Furious student protesters attacked a car carrying Prince Charles and his wife, Camilla, vandalized buildings and battled riot police Thursday as a controversial hike in university fees triggered Britain's worst political violence in years.
In a major security breach, demonstrators set upon the heir to the throne's Rolls Royce as it drove through London's busy West End on its way to a theater. A group of up to 20 struck it with fists, sticks and bottles, breaking a window and splattering the gleaming black vehicle with paint.
In the frenzy, some chanted "off with their heads!"
Adnan Nazir, a 23-year-old podiatrist who was following the protesters, said Charles, 62, kept his calm, gently pushing his 63-year-old wife toward the floor to get her out of the line of fire.
"Charles got her on the floor and put his hands on her," Nazir said. "Charles was still waving and giving the thumb's up.
"It was just a surreal thing," he said. "It was completely manic."
Charles' office, Clarence House, said the royal couple was unharmed. But the attack took police completely by surprise and raises serious security questions.
The chief of the Metropolitan Police, Paul Stephenson, said the force would launch an investigation into Thursday's violence.
Prime Minister David Cameron said the violence against the royal couple was "shocking and regrettable."
"It is clear that a minority of protesters came determined to provoke violence, attack the police and cause as much damage to property as possible," Cameron said. "They must face the full force of the law."
Police said it was unclear whether the royals had been deliberately targeted, or were simply in the wrong place at the wrong time.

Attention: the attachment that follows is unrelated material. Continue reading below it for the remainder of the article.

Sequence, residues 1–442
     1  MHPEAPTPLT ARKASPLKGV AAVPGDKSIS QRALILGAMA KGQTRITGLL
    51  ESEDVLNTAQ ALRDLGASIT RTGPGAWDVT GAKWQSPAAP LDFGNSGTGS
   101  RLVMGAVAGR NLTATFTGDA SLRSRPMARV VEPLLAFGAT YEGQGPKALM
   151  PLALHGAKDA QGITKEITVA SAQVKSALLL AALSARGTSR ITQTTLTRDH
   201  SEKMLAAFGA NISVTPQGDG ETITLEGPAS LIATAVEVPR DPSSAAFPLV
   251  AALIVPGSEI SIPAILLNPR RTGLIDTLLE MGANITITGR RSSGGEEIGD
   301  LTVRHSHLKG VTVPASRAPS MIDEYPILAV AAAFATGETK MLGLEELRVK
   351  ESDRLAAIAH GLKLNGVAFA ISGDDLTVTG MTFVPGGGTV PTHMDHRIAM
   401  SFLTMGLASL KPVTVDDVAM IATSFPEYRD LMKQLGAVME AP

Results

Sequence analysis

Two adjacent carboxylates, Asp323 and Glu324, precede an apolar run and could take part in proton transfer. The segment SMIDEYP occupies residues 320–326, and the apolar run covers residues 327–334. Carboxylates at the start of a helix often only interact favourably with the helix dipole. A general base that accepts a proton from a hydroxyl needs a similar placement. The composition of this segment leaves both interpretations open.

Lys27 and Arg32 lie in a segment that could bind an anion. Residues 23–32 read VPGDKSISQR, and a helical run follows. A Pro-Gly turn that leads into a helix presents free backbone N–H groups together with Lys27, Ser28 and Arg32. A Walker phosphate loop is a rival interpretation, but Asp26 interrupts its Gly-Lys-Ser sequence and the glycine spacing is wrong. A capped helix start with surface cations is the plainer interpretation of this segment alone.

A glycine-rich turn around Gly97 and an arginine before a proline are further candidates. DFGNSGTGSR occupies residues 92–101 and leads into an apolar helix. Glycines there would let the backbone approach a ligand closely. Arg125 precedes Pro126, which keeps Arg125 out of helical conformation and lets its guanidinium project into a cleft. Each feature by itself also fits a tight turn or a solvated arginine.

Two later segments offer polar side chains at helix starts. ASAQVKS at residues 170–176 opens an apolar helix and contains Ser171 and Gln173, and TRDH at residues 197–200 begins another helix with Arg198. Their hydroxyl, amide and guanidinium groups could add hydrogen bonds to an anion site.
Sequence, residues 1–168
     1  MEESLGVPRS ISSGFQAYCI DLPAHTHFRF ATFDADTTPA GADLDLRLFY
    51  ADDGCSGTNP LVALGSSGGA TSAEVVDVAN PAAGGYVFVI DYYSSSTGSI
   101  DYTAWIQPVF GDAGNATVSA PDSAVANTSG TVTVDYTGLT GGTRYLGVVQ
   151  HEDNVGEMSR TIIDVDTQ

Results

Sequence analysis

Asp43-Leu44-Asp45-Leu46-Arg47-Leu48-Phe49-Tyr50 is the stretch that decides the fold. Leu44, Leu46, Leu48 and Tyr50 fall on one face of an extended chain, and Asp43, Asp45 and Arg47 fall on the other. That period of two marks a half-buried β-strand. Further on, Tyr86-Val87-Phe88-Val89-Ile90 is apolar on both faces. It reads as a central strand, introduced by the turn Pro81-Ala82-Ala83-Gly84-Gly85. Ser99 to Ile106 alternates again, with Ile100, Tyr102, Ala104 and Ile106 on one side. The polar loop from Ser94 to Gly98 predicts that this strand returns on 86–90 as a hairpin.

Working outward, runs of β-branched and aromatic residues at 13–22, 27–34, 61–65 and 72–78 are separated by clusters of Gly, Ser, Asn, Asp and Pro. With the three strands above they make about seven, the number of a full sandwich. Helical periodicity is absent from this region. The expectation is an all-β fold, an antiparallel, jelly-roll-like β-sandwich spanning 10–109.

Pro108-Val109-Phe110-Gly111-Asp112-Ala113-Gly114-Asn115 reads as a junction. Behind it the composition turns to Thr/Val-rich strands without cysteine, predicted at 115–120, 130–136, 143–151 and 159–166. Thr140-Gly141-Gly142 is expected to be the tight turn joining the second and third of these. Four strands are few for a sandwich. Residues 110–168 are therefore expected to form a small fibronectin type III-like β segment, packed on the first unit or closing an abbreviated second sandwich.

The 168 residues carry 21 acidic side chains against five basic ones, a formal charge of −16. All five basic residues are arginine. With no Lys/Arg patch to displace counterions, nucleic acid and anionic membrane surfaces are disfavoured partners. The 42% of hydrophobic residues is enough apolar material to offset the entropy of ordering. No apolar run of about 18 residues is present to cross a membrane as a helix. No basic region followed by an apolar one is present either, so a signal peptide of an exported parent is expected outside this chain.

The couple arrived looking somber but composed at the London Palladium theater, where they were attending a Royal Variety Performance.
Camilla later managed to shrug off the ordeal, saying there was "a first time for everything," the Press Association news agency reported.
Protesters erupted in anger after legislators in the House of Commons approved a plan to triple university fees to 9,000 pounds ($14,000) a year.
As thousands of students were corralled by police near Parliament, some strummed guitars and sang Beatles songs — but others hurled chunks of paving stones at police and smashed windows in a government building.
Another group ran riot through the busy shopping streets of London's West End, smashing store windows and setting fire to a giant Christmas tree in Trafalgar Square.
Police condemned the "wanton vandalism." They said 43 protesters and 12 officers had been injured, while 22 people were arrested. Police said the number of arrests would likely rise.
Home Secretary Theresa May said that "what we are seeing in London tonight, the wanton vandalism, smashing of windows, has nothing to do with peaceful protest."
The violence overshadowed the tuition vote, a crucial test for governing Conservative-Liberal Democrat coalition, and for the government's austerity plans to reduce Britain's budget deficit.